Re: Laptop email
Adam, the thing I described works flawlessly here. Personally I don't
use Netscape (I use GNUs) but my family does. I wanted a possibility
to check all (every user's) mail at once and automatically when our
common machine goes online, and it works.
The recent fetchmail gets unseen msgs only, unless you specify -a
(all msgs, seen or not).
Note that I said (or meant) in my original posting I have turned off
automatic retrieval in Netscape. If you combine Netscape and Xbiff or
anything else that tells you new mail has arrived and have a little
discipline, you will be able to avoid most Netscape crashes if I got
you right: just don't hit the "Get msg"-button if there's no new
mail. This is no work-around for the usual hangs when Netscape expects
to be online in order to display any non-local Browser Start page. Try
"Browser starts with: Blank page".
As for the performance argument, Netscape seems to retrieve msgs
very very fast indeed.
You don't need "Send later" any more and I don't know what happens if
you use it. I suspect some Netscape thing will be done that should be
avoided if you ever want your msg to get delivered to anybody
;). "Send" does what you want: queue into exim.
Adam C Powell IV <email@example.com> writes:
> Andre Berger wrote:
> > Cory Snavely <firstname.lastname@example.org> writes:
> > > This is the *exact* same problem I have. One possible solution I've been
> > > kicking around is to set up a low-end server at home with imapd and
> > > Apache with mod_roaming (for the address books, etc.)
> > >
> > > That's a lot of work. To confess, though, I thought it might be fun 8)
> > > and good practice.
> > >
> > > My biggest complaint, though, is that the potato Netscape doesn't seem
> > > to have the same "offline reading" capability as the Windows 98 one.
> > > Does anybody know about that (why that feature doesn't seem present)?
> > You just have to use it ;)
> It's not *quite* this simple. Unix Netscape (incl. Linux) assumes a persistent net
> connection, so it doesn't even have the "go offline" option of the Windows and Mac
> versions. I guess the assumption (5-6 years ago) was that nobody would dream of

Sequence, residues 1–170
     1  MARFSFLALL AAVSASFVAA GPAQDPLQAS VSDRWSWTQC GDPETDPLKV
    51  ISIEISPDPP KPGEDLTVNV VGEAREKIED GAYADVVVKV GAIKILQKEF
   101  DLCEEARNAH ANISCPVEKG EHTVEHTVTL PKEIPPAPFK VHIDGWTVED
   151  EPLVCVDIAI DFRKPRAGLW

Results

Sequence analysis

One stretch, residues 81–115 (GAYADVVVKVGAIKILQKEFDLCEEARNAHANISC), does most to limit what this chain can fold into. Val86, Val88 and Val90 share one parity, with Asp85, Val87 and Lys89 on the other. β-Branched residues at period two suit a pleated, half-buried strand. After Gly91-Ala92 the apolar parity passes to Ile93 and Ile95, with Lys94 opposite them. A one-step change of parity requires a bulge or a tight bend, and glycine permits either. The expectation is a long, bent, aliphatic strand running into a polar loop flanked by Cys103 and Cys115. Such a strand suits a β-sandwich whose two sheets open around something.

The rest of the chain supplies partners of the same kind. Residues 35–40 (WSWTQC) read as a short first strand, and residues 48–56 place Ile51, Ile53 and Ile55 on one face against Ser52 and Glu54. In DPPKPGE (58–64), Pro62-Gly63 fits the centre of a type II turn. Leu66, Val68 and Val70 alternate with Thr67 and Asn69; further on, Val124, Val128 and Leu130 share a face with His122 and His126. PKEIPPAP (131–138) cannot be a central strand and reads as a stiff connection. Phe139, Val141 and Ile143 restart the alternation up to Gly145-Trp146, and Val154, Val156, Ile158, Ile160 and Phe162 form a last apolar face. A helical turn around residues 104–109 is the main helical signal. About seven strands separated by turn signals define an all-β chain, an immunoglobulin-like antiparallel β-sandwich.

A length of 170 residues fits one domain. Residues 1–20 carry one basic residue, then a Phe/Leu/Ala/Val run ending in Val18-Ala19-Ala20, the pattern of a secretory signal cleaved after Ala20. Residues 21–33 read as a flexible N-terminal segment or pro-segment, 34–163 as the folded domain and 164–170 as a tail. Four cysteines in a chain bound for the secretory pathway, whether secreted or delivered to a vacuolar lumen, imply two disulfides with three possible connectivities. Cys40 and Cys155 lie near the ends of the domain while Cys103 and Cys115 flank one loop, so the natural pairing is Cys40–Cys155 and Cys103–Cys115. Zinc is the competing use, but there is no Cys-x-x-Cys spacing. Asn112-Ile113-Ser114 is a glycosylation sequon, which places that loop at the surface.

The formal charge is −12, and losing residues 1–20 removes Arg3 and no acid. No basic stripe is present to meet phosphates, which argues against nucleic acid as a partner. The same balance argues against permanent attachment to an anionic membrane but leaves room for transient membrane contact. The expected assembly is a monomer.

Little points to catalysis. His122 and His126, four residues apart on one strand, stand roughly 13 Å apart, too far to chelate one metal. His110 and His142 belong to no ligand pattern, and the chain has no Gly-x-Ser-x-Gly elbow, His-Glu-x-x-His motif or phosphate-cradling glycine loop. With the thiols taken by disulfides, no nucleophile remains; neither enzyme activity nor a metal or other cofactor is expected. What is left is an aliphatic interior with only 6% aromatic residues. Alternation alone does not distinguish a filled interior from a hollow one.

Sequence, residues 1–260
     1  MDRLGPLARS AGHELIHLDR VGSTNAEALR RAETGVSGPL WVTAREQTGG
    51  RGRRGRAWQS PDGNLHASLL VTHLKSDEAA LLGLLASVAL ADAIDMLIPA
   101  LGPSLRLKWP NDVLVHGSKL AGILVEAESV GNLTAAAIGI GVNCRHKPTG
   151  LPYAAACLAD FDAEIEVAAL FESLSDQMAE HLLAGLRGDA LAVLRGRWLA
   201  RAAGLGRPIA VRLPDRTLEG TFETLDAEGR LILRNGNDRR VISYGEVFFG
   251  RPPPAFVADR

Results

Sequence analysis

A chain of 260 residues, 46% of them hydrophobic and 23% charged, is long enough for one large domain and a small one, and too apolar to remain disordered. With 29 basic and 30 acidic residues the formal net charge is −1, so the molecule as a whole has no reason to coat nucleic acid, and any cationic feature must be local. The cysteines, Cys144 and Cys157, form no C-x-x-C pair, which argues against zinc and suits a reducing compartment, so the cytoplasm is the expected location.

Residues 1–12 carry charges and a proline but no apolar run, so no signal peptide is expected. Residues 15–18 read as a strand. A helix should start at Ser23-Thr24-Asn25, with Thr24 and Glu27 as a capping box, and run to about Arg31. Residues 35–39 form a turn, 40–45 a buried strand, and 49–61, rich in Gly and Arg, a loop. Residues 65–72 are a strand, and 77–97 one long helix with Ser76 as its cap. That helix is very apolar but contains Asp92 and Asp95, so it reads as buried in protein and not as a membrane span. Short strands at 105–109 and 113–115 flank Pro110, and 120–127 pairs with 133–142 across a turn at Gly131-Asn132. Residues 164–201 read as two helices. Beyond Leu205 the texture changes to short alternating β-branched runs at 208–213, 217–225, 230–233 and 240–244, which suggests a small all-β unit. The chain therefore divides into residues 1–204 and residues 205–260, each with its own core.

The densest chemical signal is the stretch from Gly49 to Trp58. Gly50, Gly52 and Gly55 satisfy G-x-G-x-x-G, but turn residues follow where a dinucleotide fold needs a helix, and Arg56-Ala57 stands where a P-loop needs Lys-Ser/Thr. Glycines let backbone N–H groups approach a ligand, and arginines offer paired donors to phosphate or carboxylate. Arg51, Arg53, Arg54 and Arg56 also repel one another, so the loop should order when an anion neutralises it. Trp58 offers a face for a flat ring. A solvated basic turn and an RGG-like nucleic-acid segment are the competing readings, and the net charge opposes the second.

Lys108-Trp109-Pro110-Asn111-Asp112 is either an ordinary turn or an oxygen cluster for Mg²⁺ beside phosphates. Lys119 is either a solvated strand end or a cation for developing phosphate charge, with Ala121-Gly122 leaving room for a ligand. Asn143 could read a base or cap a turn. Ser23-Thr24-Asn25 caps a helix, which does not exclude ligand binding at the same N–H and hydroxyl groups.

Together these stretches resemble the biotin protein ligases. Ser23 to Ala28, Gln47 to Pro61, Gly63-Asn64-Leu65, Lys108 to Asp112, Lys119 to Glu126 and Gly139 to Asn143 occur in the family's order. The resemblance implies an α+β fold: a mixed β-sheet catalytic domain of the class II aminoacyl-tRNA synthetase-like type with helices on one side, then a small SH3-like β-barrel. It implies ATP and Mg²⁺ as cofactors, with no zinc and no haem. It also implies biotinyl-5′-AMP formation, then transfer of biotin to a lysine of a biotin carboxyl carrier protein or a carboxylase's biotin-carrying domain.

> using Unix on a laptop, or (heaven forbid) a home machine. Hopefully Mozilla will
> remedy this.
> I've found even if I turn off auto message retrieval on Netscape, it still tries to
> do it sometimes when switching folders (!!), and if I've done
> "/etc/init.d/networking stop" then Netscape hangs. (If I leave networking "running"
> while disconnected, it just times out after a couple of seconds with "no route to
> My laptop has an ethernet card problem such that when I suspend/resume, I have to
> remove and reinstall the driver module, which means /etc/init.d/networking stop and
> start have to surround rmmod and modprobe. I put this in /etc/apm/resume.d/
> Browsing behaves similarly to fetching mail: if networking is down, it hangs,
> otherwise times out and displays the version in cache. To browse the cache, there's
> always "about:cache", but it includes all files of all types in a big list which is
> annoying to look through. (Anyone know of a way to get just a list of HTML page
> > I have exim to send mail from and fetchmail to download mail to my
> > potato box.
> This is cool, but (last time I tried it a year ago) fetchmail's POP capabilities
> were not quite as advanced as Netscape's. For example, you could leave mail on the
> server, but next time you went to fetch it, it would get everything there, including
> what you left on the server before, so you'd get multiple copies of what was left
> before. Netscape doesn't have this problem, but then it isn't a problem if you
> don't leave mail on the server. :-)
> Also, Netscape seemed to get messages from the POP server about twice as fast as
> fetchmail, over a 56K modem. These fetchmail problems may or may not still be
> Of course, using movemail solves the above problem (of hanging when Netscape tries
> to get new mail). :-)
> > Add shell scripts to /etc/ppp/ip-up.d/ that send and receive
> > mail automatically as soon as you go online.
> That's pretty cool, thanks for that tip! I'll use that at home. Now if only my
> laptop had a modem... :-)
> > If you want to send mail,
> > always use the "Send" btn (not "Send later"). This will add the
> > msg to the exim queue.
> Are there any disadvantages to "Send later" aside from not automatically sending it
> from the /etc/ppp/ip-up.d script (which only works for PPP users)?
> Thanks again,
> -Adam P.
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Andre Berger <email@example.com> from Bonn, Germany